You need to see Junk. Right now. This epic new Broadway show at Lincoln Center Theater is not only the most important play you'll see all year, but the most entertaining. That's not something one might expect from a story about the world of high finance, with a title that conjures a pile of garbage. But playwright Ayad Akhtar (Disgraced) once again proves his talent for illuminating the forces running our world, forces that would prefer to remain in the dark.
It's 1985 and Robert Merkin (Steven Pasquale playing a character whose name smacks of both Michael Milken and a pubic toupee) is the king of junk bonds (high-yield, high-risk debt securities). He uses them to raise money for scrappy young entrepreneurs like Israel Peterman (Matthew Rauch), who is looking to stage a hostile takeover of Everson Steel, a major employer listed on the Dow Jones. Third generation C.E.O. Thomas Everson Jr. (Rick Holmes) thinks it is preposterous that an upstart could seize control of his family's company. But his investment banker, Max (Henry Stram), reminds him that it is a publicly traded company: If the shareholders sell a majority stake to Peterman, it's his. Merkin knows how to win in this game, but he would never want Everson for himself: Why make steel when you can make debt? It's a far more lucrative product, especially if you worship at the altar of the market.
With a cast of 23, Junk is Shakespearean in its outsize scope and dramatis personae. In a performance that is both sympathetic and vexatious, Holmes plays the blinkered Richard II to Pasquale's Henry Bolingbroke. Merkin has a Lady Macbeth in his wife, Amy (a fiery Miriam Silverman), who cheers him on behind the scenes. Private equity magnate Leo Tressler (the hilariously growly Michael Siberry) sees himself as the Macduff who will save America from Merkin and his unsavory usurpers — men like Boris Pronsky (Joey Slotnick playing a much thinner but just as hapless Reagan-era Falstaff).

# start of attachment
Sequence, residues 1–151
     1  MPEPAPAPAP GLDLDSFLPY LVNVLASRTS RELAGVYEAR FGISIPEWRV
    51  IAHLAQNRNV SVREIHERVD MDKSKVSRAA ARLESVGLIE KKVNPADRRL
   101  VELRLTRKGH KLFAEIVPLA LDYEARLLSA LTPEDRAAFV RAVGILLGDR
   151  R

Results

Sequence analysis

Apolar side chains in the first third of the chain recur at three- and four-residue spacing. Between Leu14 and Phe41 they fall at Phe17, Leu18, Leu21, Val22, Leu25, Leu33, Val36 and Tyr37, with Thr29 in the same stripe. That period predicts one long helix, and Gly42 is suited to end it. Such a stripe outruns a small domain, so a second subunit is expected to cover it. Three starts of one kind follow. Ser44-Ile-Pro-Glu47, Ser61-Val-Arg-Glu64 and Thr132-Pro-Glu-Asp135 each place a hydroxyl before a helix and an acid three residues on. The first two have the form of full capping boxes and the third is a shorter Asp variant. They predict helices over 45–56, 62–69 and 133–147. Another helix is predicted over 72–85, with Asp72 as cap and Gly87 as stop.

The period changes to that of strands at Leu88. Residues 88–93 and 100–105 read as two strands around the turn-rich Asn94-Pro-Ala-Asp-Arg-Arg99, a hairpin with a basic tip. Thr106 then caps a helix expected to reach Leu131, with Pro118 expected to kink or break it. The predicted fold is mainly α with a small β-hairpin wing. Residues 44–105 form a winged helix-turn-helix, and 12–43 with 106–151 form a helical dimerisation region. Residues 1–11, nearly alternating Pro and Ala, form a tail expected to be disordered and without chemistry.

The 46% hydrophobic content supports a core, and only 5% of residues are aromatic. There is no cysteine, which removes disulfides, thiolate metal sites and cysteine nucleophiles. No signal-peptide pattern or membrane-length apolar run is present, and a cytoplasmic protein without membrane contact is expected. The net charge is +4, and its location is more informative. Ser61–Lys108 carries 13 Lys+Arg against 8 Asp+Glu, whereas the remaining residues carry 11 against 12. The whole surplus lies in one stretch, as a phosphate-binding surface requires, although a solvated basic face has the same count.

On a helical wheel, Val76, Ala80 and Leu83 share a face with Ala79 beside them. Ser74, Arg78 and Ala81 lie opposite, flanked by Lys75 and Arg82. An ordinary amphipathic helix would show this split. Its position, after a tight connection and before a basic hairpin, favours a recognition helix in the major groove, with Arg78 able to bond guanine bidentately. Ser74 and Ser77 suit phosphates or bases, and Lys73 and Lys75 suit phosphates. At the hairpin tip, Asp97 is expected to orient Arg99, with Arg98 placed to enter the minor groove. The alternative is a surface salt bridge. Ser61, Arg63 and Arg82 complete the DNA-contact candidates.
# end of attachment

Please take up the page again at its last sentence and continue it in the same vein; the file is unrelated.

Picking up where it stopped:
Thrillingly, Akhtar further complicates this ecosystem: The fourth estate is represented by reporter Judy Chen (a spunky Teresa Avia Lim). Law enforcement comes into the picture with U.S. attorney Guiseppe Addesso (an untrustworthy Charlie Semine). Then there's Merkin's mercenary lawyer, Raúl Rivera (a cocky Matthew Saldivar). They all have a price, and Merkin usually knows what that is.
While we might expect this capitalist revolutionary to take the form of an evangelist, Pasquale plays Merkin with an inscrutable stoicism reminiscent of Vladimir Putin. There's a vacant quality about his gaze that is absolutely terrifying. He wins converts through the strategic employment of sticks and carrots, sewing doubt about the old economy (you know, actually making things) wherever he can. In essence, he's the devil.
We feel his seduction firsthand when he delivers a speech directly to the audience in which he ties xenophobia and the flawed notion of American exceptionalism to the nostalgia we feel for the manufacturing economy and a time when America was "great." He insists that disrupters like him are the good guys, burning down an unjust society. We've seen what men like Merkin have wrought over the last three decades: falling wages and rising inequality punctuated by sporadic financial crises. Still, some in the audience cheer, delighted to have their politics affirmed by this Brooks Brothers Beelzebub (sleek power suits by Catherine Zuber). In this breathtaking and enraging moment, Ahktar and director Doug Hughes show that we have a price too — and we're usually much cheaper than the people depicted onstage.
Hughes keeps us in thrall throughout with efficient staging that is enhanced by clever design. John Lee Beatty's set acts as a human stock ticker: Actors rush forward to perform their scenes and spill off via steps at the lip of the stage, just as the next scene is beginning. Beatty's set is both functional and evocative: Since much of the dialogue takes place over the phone, callers appear in illuminated boxes on the second tier of a large structure that resembles one of those ugly black plate glass skyscrapers that proliferated in the late 20th century. Ben Stanton's precise lighting keeps Hughes staging crystal clear, while Mark Bennett's pulse-raising original music lends a cinematic quality to the proceedings.
Junk may remind audiences of Adam McKay's Oscar-winning film, The Big Short, both in its masterful elucidation of a confusing subject and its shocking depiction of the corrupting influence of money. But Junk is even more powerful because those doing the corrupting are in the room with us, and a small voice in the back of our heads is cheering them on. In showing us how someone like Merkin operates, Ahktar reveals a painful truth: Our American love affair with ambitious mavericks exposes us to the machinations of those who would rob us blind — and we're often happy to help them do it.